After two years, I could watch the film with a certain degree of objectivity. I also had Amiya Dev, Kapil Dev’s daughter, who worked as Kabir Khan’s assistant in this film and was truly my touchstone in this whole process. She helped me create this character, from the homework stage to the execution stage. There were some little-little things that I had consciously built into this character in the form of details and nuances, which only if you are extremely close to Kapil sir, will you recognise them. I would spot them and would look to my side and exchange a look with Amiya that said: ‘That’s so astonishingly Kapil’... and she would smile and wink and nod her head (laughs). I am so happy the way it’s turned out.

So, I won’t say it’s been a wave, it’s been a tsunami of praise, love, recognition, respect.... I have played some very strong and memorable characters in the last 10 years, but this just takes the cake. It tops it all.

You have always been known to be a shape-shifter, slipping into becoming Bajirao in Bajirao Mastani or Alauddin Khilji in Padmaavat. 83 is different in the sense that you knew that Kapil Dev would watch you playing him on screen. What was that ‘pressure’ like?

Yes, it’s a different kind of challenge, but I had certain parameters within which I wanted to work. No one really knows what Alauddin Khilji was like or for that matter, Bajirao... the same goes for some of my other characters. This, as I said, was a very, very different challenge, and I was up to the task. I always wanted to explore something like this and I relish new challenges.

Due to the lack of footage, as everyone knows by now, I actually had to go and stay with Kapil sir for two weeks. The family opened their home and hearts up to me and in that time, I picked up everything that I needed, and I am not just talking about surface-level things. I tried to peek into his mind, what he thinks, what makes his brain tick, what drives him.... When I came out of it, I felt I had all the ammunition I needed.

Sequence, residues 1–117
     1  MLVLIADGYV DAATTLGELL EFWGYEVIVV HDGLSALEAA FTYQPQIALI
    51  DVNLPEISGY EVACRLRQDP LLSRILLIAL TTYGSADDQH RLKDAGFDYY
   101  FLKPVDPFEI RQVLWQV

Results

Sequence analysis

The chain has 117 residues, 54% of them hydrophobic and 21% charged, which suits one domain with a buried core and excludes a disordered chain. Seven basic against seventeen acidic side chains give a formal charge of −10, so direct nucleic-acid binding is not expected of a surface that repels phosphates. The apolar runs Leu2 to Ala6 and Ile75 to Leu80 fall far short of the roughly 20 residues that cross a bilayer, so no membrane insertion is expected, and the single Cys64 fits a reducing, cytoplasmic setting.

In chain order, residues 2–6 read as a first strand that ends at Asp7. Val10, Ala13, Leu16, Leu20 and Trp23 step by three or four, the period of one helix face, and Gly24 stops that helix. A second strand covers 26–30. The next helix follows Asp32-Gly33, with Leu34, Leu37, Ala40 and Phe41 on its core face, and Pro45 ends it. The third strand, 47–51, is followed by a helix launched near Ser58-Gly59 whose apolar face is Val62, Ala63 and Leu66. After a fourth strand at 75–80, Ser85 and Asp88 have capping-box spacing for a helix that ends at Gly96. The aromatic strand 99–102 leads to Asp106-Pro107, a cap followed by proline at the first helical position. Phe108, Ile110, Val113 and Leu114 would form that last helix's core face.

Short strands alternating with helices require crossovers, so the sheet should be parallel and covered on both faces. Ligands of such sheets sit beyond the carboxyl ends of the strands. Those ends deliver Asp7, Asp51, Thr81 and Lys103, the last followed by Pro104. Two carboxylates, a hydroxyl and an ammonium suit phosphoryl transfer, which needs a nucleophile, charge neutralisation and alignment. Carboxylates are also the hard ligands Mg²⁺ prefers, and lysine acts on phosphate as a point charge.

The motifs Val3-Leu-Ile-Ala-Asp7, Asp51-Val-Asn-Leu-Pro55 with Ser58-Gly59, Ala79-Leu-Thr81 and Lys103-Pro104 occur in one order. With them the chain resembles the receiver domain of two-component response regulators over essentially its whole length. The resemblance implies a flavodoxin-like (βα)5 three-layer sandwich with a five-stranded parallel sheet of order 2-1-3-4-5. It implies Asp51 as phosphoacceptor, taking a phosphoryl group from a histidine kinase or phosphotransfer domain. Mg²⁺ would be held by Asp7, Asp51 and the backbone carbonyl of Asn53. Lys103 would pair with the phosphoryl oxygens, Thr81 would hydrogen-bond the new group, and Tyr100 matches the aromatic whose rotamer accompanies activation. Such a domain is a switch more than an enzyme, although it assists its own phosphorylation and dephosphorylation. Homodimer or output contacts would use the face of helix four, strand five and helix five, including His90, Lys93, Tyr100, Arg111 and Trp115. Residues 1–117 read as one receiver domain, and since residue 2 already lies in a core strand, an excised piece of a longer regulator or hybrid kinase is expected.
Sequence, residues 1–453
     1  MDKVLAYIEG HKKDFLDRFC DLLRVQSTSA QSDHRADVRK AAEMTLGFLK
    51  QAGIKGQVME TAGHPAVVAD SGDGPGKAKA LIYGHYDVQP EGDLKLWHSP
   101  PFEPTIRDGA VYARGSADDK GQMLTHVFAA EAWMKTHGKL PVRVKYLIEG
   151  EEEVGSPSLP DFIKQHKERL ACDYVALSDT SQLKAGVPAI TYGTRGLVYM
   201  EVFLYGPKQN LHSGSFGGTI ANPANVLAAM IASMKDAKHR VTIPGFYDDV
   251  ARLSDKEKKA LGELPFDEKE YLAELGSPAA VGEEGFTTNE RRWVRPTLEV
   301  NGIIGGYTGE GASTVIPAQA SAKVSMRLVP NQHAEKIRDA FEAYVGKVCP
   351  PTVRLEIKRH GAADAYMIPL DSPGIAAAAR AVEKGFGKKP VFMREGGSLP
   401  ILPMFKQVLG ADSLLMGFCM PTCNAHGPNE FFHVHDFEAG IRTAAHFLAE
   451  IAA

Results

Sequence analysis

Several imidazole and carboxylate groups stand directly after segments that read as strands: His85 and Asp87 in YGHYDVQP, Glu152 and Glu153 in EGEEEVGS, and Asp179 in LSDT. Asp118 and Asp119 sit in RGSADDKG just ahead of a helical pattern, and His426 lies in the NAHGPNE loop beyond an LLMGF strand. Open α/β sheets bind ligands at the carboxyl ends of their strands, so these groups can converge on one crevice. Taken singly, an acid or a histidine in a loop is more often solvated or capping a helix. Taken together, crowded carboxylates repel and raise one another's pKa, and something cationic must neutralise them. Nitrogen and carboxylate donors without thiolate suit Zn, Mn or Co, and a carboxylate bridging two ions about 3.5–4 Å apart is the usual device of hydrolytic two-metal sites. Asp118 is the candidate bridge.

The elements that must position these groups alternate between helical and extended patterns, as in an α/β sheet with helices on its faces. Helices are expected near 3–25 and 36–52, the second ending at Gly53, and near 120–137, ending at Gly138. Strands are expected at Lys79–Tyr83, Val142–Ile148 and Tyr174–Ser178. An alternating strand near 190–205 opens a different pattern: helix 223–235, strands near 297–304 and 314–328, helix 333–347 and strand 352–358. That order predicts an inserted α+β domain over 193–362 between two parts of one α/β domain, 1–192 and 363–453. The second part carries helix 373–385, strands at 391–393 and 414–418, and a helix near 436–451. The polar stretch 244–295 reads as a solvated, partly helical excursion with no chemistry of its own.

Of course, as you said, I was aware of the fact that a living legend like him would be watching me playing him on screen. I was very conscious of that.

I had a very surreal experience when we were shooting that iconic knock of 175 not out that he scored. We actually shot that at Tunbridge Wells on the same pitch that he played on and he was to give his cameo shot and so he was on set that day. So he was watching me playing his iconic innings in his character. It was a very, very surreal trip. What was important for the entire team of this film was that the original players should feel proud of the cinematic rendition of their achievement. That meant everything to us.

And so that experience of the premiere night when they were all sitting together and watching the film for the first time... and I was standing on the side and watching their faces.... They were laughing, crying, clapping.... It was so unforgettable and fulfilling for us. Our idea with this film always was that these guys made us proud and now it was our turn to make them proud.

You were not born in 1983 (Ranveer was born on July 6, 1985). What’s your earliest memory of watching Kapil Dev play?

I remember watching him on television. He was, of course, a senior player by that time. I really got hooked on to cricket when Sachin (Tendulkar) started making waves and I think Azhar (Mohd Azharuddin) had the captaincy. That was the time I really developed an interest in cricket.

I was born into an age when he (Kapil) was already a hero... but I didn’t now how he got there. When Kabir sir pitched the film to me and told me how these guys became what they became... I was in disbelief because this, for me, is the classic underdog story. I was like, ‘You must be joking! Did this win actually happen in this spectacular, astonishing way?!’

What they achieved in 1983 was always going to be an astonishing movie... a group of ragtag boys from all over the country banding together and led by the self-belief and conviction of one man and he led them to a glorious win after which the entire spirit and attitude of the nation changed. They believed they could stand shoulder-to-shoulder with anyone in the world, knowing that they were the best. That’s what makes it such a proud and glorious story. And Kabir and I keep telling each other that we are lucky to be the ones chosen to tell this story in cinema.